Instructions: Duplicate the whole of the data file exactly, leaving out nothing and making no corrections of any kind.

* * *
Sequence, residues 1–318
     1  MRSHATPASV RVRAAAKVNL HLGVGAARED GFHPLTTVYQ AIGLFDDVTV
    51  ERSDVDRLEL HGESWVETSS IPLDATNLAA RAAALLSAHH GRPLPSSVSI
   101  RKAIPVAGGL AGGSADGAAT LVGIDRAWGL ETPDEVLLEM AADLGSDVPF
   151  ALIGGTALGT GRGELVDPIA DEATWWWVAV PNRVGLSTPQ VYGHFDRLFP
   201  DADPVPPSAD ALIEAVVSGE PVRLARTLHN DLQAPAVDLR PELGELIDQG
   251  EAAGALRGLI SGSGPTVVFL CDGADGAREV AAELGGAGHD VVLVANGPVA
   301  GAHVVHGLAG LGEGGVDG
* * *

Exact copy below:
Sequence, residues 1–318
     1  MRSHATPASV RVRAAAKVNL HLGVGAARED GFHPLTTVYQ AIGLFDDVTV
    51  ERSDVDRLEL HGESWVETSS IPLDATNLAA RAAALLSAHH GRPLPSSVSI
   101  RKAIPVAGGL AGGSADGAAT LVGIDRAWGL ETPDEVLLEM AADLGSDVPF
   151  ALIGGTALGT GRGELVDPIA DEATWWWVAV PNRVGLSTPQ VYGHFDRLFP
   201  DADPVPPSAD ALIEAVVSGE PVRLARTLHN DLQAPAVDLR PELGELIDQG
   251  EAAGALRGLI SGSGPTVVFL CDGADGAREV AAELGGAGHD VVLVANGPVA
   301  GAHVVHGLAG LGEGGVDG